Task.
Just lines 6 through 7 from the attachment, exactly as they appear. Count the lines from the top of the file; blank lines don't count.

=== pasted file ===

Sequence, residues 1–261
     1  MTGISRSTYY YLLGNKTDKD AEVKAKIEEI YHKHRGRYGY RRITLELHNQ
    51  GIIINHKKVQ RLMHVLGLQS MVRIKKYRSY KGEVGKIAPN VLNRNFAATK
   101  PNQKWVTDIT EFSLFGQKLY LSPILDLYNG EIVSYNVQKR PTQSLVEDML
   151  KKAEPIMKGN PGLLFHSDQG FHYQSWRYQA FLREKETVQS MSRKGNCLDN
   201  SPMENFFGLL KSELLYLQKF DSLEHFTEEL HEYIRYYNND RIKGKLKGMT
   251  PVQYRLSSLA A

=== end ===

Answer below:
   201  SPMENFFGLL KSELLYLQKF DSLEHFTEEL HEYIRYYNND RIKGKLKGMT
   251  PVQYRLSSLA A